Driven by a desire to spread the flavors of the Philippines, Chef Yana Gilbuena established the SALO Series, kamayan-style dining pop-up dinners that has travelled the 50 states of America. “Kamayan” is Filipino for dining with your bare hands, and Gilbuena’s goal is to serve delectable Filipino dishes to Filipino-Americans, Asians, and practically anyone else who eats.
SALO is culled from the Filipino word “salu-salo,” which refers to a banquet where partakers are encouraged to eat with their bare hands food spread over banana leaves. For Chef Gilbuena, SALO is an “educational, humbling, and communal” experience.
“It started when I was living in New York and there was this need to have arroz caldo (hot chicken porridge) in the middle of winter,” she recounts. “It got me thinking that even though New York is a melting pot of cultures and cuisines, how is it that Filipino cuisine is not well-represented?”
Thus, apart from serving well-loved Filipino dishes like adobo (chicken or pork stewed in vinegar, garlic, soy sauce, and peppercorns), pansit (noodle dish), and lumpia (spring rolls), the nomadic Chef Gilbuena promotes regional specialties from Philippine islands as well.
Gilbuena acknowledges that there are some Filipino dishes that most Fil-Ams who grew up in the US are not familiar with. In fact, she recalls that they were “pleasantly surprised” by the regional dishes she served them.
“They had probably been to Manila or to their parents’ hometowns in the Philippines but never really explored places beyond that. So me bringing dishes from the remote islands like Camiguin, Cagayan de Oro, Zamboanga, and they were just like, ‘What? We have this in our cuisine?’”
“And I would reply in jest, ‘Yeah girl. You need to travel a little bit more!’”
Gilbuena traces her love for cooking to her early days in the family kitchen, growing up in the cuisine-rich region of Visayas in the company of her aunt, grandmother, and cooking-inclined yayas (nannies). She recalls her bonding time with her aunt was highlighted by cooking and baking recipes printed on the labels of canned milk.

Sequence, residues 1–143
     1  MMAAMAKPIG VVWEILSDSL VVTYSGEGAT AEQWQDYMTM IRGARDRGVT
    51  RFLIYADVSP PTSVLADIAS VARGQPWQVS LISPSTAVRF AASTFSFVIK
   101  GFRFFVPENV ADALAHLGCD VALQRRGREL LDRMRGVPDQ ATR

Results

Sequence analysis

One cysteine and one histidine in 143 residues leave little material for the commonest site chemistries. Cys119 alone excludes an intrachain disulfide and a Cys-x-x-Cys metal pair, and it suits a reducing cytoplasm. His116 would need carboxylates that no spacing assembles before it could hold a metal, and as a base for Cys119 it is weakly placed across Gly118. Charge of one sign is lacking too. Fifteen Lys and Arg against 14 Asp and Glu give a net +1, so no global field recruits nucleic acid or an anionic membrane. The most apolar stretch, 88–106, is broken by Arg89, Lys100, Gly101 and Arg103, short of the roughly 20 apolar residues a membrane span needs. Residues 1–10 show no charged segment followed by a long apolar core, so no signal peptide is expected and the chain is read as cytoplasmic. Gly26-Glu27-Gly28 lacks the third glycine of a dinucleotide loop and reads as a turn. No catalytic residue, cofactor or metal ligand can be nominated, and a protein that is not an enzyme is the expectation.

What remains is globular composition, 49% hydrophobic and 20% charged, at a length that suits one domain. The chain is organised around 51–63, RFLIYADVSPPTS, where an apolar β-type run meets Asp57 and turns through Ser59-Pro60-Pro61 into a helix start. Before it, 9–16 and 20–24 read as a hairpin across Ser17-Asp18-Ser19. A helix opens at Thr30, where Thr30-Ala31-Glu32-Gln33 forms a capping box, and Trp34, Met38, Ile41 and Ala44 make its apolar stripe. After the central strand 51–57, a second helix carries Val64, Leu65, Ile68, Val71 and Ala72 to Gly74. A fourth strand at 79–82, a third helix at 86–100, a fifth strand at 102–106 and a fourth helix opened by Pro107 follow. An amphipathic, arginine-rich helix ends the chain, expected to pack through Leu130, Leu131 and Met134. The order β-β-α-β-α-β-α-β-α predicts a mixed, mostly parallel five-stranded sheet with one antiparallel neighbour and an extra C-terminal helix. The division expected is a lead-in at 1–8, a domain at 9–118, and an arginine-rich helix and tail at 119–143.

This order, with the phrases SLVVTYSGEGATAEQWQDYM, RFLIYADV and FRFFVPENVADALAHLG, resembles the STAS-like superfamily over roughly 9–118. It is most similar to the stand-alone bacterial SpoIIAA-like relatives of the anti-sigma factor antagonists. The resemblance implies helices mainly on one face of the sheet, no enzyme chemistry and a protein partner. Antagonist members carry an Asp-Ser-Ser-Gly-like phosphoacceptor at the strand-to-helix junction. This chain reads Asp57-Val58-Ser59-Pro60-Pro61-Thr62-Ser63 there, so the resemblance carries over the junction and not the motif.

“I became really comfortable with making fire and all those stuff on my own, like dealing with old stoves. I have very fond memories of the kitchen growing up, and I think that’s where it all started. And then the rest, I just learned along the way,” she says.
From Anthony Bourdain to Andrew Zimmern, a number of food enthusiasts and critics have been tagging Filipino cuisine as “the next big thing” in the culinary world. But for the globe-trotting Chef Gilbuena, Filipino cuisine’s full potential has yet to be fully discovered and explored as it continues to evolve amid constantly changing influences.
“It’s definitely getting there,” Gilbuena asserts. “There are so many more Filipino restaurants popping up everywhere across the US, and I think that’s one of those things that cause people to realize that, hey! there is a market for Filipino cuisine, and not just for Filipinos. So I think it will just continue to expand more as the years go by.”
The chef likewise thinks that the most defining thing about Filipino cuisine is that it’s constantly evolving. “The more influences we get, the more it expands,” she says.